9pm: We have a frozen pizza and watch some TV. The drinks earlier have knocked me out a bit and I head to bed at around 10.30pm. I try to read for a bit but it’s not happening.  

Today’s total: €41.45

Saturday 

8.30am: I wake up but don’t get out of bed until around 9am. The weather is awful today, and the others head out to the swimming pool. I have breakfast, do some housework and read for a bit. When I can, I try to listen to Irish radio which is a nice way of keeping up with what’s going on back home. 

12pm: The others get back around midday and we make some lunch. My girlfriend heads into town for a few hours and the two boys play for a while at home. Normally we’d go out and try and meet some friends of ours with kids, but the weather is terrible, so we stay inside. I ask my girlfriend to pick me up a few regular and non-alcoholic beers from the state run off-license (€13.20) It’s the only place in Sweden that you can legally buy alcohol and it closes at 3pm on a Saturday and it’s not open at all on Sunday. That took a little getting used to. Now when I go home, I find it weird to see alcohol for sale in the supermarket.  

5pm: In Sweden, for nearly every kid, Saturday is sweets day and it’s no exception in our household. So we brave the elements (I drive) and we go to our local sweet shop. We may as well pick up a few for ourselves while we’re there (€2). 

5.45pm: Naturally, we use the sweets as a bargaining tool to make him eat his dinner. We don’t have to try too hard as he has pancakes this evening. After dinner he watches a bit of TV and we then get him ready for bed around 7.30pm.

8pm: Our overtired child refuses to go to bed. He insists that his mamma reads him a book this evening, so I go out for a walk and pick up a carton of milk on the way back (€1.80).  

9pm: We have dinner – I make a rocket salad. We chill out, have our sweets and a couple of drinks. We head to bed at around 11pm. I read a little before falling asleep shortly after. 

Today’s total: €17

Sunday

9.30am: We get up a little later today. Weather is still cold, wet and windy so we have breakfast and stay home most of the morning. Sweden is great, but the winters can drag on.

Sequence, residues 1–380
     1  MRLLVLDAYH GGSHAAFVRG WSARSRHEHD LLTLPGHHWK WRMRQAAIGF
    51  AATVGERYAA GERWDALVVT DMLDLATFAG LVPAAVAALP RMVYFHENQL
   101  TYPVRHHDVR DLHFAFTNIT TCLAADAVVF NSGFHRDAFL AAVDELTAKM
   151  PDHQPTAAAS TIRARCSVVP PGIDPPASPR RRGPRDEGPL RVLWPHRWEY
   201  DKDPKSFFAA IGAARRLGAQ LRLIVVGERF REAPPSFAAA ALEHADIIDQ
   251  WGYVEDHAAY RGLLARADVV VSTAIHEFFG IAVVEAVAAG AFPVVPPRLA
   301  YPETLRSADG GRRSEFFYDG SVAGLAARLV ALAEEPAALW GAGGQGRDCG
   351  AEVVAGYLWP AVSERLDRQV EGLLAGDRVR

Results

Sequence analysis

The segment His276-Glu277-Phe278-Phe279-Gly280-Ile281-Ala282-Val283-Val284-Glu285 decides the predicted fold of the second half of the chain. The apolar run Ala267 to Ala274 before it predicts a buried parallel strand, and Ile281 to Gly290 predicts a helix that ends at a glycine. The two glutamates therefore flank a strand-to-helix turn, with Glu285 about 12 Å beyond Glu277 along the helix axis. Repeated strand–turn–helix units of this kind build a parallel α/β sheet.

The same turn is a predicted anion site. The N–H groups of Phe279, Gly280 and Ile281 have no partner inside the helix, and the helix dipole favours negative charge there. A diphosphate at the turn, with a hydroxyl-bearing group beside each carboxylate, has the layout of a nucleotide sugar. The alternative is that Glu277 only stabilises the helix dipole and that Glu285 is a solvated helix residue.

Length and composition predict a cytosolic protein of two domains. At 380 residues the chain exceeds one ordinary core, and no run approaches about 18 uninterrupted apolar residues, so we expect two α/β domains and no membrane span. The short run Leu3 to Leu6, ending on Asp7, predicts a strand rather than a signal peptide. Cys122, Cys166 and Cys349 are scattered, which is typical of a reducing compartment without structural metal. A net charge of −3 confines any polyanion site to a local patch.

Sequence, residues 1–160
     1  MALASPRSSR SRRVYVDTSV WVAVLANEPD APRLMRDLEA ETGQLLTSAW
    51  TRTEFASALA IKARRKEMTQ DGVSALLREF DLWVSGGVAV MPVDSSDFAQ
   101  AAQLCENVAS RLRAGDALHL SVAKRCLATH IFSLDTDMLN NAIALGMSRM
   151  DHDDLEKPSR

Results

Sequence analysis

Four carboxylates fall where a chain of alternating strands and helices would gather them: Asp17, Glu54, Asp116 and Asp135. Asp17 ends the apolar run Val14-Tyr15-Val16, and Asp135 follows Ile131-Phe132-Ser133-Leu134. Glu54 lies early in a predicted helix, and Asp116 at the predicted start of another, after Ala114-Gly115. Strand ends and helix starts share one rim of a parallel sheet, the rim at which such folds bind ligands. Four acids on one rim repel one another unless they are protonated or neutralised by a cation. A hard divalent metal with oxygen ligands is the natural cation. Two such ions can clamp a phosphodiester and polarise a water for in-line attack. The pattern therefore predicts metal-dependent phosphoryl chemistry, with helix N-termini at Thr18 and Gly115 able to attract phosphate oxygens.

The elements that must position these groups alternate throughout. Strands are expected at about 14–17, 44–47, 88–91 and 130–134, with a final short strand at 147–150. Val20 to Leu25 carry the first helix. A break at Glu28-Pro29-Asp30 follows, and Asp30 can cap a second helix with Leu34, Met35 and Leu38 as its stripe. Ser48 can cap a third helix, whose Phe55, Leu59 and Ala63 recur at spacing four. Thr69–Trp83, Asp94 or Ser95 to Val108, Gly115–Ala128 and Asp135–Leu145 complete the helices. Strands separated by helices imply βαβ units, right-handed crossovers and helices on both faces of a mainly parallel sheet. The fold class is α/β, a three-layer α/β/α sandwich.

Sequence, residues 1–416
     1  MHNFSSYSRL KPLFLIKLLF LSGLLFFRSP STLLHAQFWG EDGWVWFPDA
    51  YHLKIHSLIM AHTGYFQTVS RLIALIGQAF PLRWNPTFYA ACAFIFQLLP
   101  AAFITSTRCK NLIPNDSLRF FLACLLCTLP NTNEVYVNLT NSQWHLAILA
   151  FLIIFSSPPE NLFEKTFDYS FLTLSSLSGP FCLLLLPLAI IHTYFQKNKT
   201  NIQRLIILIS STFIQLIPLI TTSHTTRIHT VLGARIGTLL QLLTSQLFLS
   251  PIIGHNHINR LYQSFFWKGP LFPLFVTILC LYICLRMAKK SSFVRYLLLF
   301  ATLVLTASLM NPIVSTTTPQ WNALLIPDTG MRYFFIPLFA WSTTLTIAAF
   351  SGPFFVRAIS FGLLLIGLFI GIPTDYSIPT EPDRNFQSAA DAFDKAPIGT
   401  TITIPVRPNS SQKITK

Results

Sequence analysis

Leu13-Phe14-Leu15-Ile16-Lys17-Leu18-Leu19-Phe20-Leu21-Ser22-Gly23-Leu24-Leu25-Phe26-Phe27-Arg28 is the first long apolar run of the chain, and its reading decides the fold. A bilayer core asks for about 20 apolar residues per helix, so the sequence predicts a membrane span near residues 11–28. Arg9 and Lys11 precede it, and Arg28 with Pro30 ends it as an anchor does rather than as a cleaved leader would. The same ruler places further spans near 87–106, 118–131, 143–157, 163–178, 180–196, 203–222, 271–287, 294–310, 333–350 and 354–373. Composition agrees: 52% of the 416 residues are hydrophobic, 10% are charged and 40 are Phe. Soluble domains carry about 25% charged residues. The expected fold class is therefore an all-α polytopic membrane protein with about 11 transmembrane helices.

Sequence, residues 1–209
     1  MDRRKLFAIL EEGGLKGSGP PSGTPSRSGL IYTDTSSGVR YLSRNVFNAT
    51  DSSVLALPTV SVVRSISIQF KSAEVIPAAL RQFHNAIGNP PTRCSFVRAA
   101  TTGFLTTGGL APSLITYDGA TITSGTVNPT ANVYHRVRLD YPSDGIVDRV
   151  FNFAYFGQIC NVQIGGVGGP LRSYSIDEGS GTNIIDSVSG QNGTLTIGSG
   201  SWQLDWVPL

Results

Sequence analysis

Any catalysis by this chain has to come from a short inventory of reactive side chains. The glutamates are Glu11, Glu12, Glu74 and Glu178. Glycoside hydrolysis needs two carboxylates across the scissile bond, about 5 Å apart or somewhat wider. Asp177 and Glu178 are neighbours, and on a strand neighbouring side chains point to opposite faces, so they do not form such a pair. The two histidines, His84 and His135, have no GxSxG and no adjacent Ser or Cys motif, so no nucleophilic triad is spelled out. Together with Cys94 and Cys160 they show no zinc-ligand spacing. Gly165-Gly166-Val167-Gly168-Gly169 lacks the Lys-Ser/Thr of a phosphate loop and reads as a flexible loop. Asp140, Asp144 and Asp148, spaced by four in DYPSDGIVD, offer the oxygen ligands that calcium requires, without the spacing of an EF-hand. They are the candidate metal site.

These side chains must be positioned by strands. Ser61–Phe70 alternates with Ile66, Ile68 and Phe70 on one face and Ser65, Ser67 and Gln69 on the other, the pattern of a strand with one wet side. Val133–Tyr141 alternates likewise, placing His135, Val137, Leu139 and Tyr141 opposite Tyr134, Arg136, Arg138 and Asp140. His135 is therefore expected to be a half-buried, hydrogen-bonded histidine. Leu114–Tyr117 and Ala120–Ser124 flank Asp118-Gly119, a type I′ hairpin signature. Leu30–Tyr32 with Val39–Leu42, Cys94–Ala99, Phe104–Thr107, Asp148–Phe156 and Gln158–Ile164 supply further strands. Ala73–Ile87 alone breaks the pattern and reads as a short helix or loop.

12pm: We decide to go to a house viewing as we don’t have much else planned. We’re not serious about buying yet, but we are thinking about moving so the odd time we’ll visit a house for sale to get an idea of what we like or don’t like. This house was quite nice but needed a bit of work and seemed a bit overpriced in my opinion. 

1.30pm: I drop the others into town. They are going to the cinema to see a Swedish children’s film (nap time for my girlfriend). I head home and pick a friend up on the way and we go for a run. The weather has improved a little but it’s still quite windy.  

3pm: I get back, have a shower, have a bit of lunch and watch some football. The others arrive back at around 3.45pm. 

4.15pm: We go to a gardening shop and we buy a few plants for the apartment (€37).   

5.30pm: Back home again and we prepare dinner for our son. They Facetime his mormor (granny) and that’s my cue to go and do the weekly shop (€40).  

7pm: We start the bedtime routine and while he is being put to bed, I make the dinner. We eat at around 8pm. I felt like having a burger, so I made portobello mushroom and halloumi burgers for us. I’ve never tried them before and they were, as Damien Duff would say, pretty good.  

9pm: We chill out and watch some TV before going to bed at around 10.30pm. 

Today’s total: €77

Weekly subtotal: €249.20

***

What I’ve learned:  

  • I’m a little surprised by how much I spent this week, some of it from my own account and some on the joint account. I could say that there were a few unusually large expenses this week like the midweek pints and plants, but there is always an unusual expense really. 
  • A find a good way to save and plan is having multiple accounts. With my bank here I have 6 or 7 different savings accounts that I usually put money into each month. For example, the standard current account, joint current account, savings account, summer holiday account, apartment repair account, etc.
  • Without waxing lyrical too much about the Swedish utopia and extolling the virtues of where I live, in my opinion, Dublin is a better place to live if you are single or a couple without kids. There is more happening, the social side is better, there are very good job opportunities, salaries are higher and so on. However, if you have kids then I would say Sweden is much better for childcare costs, shared parental leave, free healthcare and the right to take time off work when your child is sick. 
  • I was reminded of a valuable lesson this week – midweek drinking is rarely ever worth it. 

  • Share on Facebook
  • Email this article
  •  

About the author:

TheJournal.ie reader

Read next:

COMMENTS (35)

This is YOUR comments community. Stay civil, stay constructive, stay on topic. Please familiarise yourself with our comments policy here before taking part.
write a comment

    Leave a commentcancel